I’ve been asked this question twice in the last week: “Hey, Shan, since you only read digital, when are you going to upgrade to a real ebook reader?” Real, in this context, meaning dedicated, I guess—the Sony Reader, the Nook, the Kindle—instead of my iPod Touch.
First of all, I have a Sony 505. I prefer the iPod. And as for upgrading to a new and improved model? No reason to. I’m pretty happy reading digital books on my iPod Touch.
Here’s a screenshot of my “reading page” (1 of 6 screens of apps—ouch):
I can read almost anything from almost anywhere, which enables me to shop around for the best price. That’s usually Amazon, but Fictionwise has good sales and they own my Micropay rebate-loving soul.
I’d say Stanza’s the reading app I use most often. That’s how I read the books I buy from Fictionwise or BooksonBoard or most other retailers.
Then comes the Kindle app. Between the free books they offer and having the lowest prices on the books I buy, I’ve been using it a lot more often. (People tell me I’m crazy, but I truly believe it’s slighly harder on the battery than Stanza.) It might even be an even split between the Kindle and Stanza apps now.
And just in case B&N has a good deal, I’ve got the B&N eReader app. So far I’ve kept the dictionary, though I usually use the dictionary.com app (but because I spend a substantial amount of time in a place with no internet, having an offline version is handy) and a free non-fiction title that looked intriguing. It’s definitely not going to replace Stanza or Kindle as my favorite reading apps.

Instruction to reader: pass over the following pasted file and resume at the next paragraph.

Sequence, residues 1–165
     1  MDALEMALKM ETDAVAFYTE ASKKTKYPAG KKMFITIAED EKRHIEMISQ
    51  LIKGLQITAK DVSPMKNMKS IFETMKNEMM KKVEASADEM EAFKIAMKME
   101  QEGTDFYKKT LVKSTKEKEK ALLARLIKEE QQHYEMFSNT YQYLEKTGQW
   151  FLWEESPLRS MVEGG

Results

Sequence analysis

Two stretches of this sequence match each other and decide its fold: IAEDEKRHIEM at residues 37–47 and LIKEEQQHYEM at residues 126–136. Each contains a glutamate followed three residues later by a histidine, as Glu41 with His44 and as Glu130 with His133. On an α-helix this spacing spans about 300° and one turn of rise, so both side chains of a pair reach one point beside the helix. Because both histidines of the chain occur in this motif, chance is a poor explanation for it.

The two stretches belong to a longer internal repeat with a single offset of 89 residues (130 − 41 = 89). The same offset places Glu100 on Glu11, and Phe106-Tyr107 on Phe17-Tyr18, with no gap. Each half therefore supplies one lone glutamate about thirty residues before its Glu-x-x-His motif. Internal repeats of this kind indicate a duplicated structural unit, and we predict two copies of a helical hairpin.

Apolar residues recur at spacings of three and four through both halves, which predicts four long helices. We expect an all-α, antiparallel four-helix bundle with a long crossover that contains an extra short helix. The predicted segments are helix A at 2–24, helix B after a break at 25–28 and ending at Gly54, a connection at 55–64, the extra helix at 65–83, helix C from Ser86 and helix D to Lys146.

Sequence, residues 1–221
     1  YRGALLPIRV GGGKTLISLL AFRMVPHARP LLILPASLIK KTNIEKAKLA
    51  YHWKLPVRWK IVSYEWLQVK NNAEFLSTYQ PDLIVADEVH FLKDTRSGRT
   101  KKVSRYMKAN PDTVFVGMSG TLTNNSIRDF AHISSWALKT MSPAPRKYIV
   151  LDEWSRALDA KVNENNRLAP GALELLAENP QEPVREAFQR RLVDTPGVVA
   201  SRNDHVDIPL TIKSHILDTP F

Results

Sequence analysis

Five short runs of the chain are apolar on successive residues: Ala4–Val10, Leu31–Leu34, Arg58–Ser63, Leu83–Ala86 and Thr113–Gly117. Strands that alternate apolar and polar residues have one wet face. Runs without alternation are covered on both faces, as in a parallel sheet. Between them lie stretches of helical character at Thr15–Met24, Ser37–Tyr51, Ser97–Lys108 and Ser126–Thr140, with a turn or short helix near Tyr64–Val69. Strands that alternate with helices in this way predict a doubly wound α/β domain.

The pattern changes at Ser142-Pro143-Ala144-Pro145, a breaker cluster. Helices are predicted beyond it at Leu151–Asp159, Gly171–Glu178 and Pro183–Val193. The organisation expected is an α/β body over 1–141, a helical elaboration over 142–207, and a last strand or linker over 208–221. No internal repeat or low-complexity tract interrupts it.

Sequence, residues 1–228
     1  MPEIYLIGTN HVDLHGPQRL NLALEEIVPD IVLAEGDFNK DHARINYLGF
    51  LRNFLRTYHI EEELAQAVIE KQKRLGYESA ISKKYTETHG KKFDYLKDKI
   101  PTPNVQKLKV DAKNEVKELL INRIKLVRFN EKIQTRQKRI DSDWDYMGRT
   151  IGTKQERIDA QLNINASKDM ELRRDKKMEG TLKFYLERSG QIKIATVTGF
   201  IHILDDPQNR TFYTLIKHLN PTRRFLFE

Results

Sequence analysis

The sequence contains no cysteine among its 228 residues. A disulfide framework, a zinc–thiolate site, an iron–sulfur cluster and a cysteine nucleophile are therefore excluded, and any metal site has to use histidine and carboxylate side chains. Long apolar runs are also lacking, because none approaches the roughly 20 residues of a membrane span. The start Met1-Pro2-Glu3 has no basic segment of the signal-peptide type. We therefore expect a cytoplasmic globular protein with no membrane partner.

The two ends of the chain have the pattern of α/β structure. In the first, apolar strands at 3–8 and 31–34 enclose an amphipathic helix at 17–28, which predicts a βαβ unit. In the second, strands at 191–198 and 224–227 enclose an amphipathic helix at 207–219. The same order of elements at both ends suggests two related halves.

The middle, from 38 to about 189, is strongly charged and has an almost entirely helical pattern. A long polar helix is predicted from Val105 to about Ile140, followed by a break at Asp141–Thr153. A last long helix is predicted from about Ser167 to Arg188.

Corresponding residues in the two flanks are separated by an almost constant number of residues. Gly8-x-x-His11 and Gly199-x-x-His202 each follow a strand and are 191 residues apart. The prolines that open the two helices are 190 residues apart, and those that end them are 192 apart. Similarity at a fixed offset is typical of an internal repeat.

The eReader app I rarely use, but occasionally Stanza will refuse to grab a book from my Fictionwise bookshelf, so I’ll grab it with eReader. Glitches in the Stanza/FW relationship are the only time I use it, though.
I’ve played with the Kobo app a little, but I don’t really get it. As far as I can tell, the books stay in “the cloud” and the cloud doesn’t work for me. I spend every other weekend from April to November in a land with no cloud—hell, they’re still dial-up—so I have little interest in that.
The Classics app I grabbed mostly because it’s pretty and I really do need to brush up on my classics. Mostly it just sits there and looks pretty, though.
Indiebound I use for the lists, which are interesting and highlight books I might not otherwise hear about. While I try not to be, I’m a little biased against indies, though, because the ones I’ve been in here in NH have been outrageously snotty.
The Audiobooks app I haven’t really used a lot, though I always mean to. I just don’t have the attention span for audio books, so my mind wanders and then I have no idea what’s going on.
Then my news apps—NYT, CNN, USA Today, etcetera.
That doesn’t even touch on the other five screens worth of apps that manage a billion different aspects of my life. Why would I pay $300 for a device with only one purpose (and generally one bookstore)?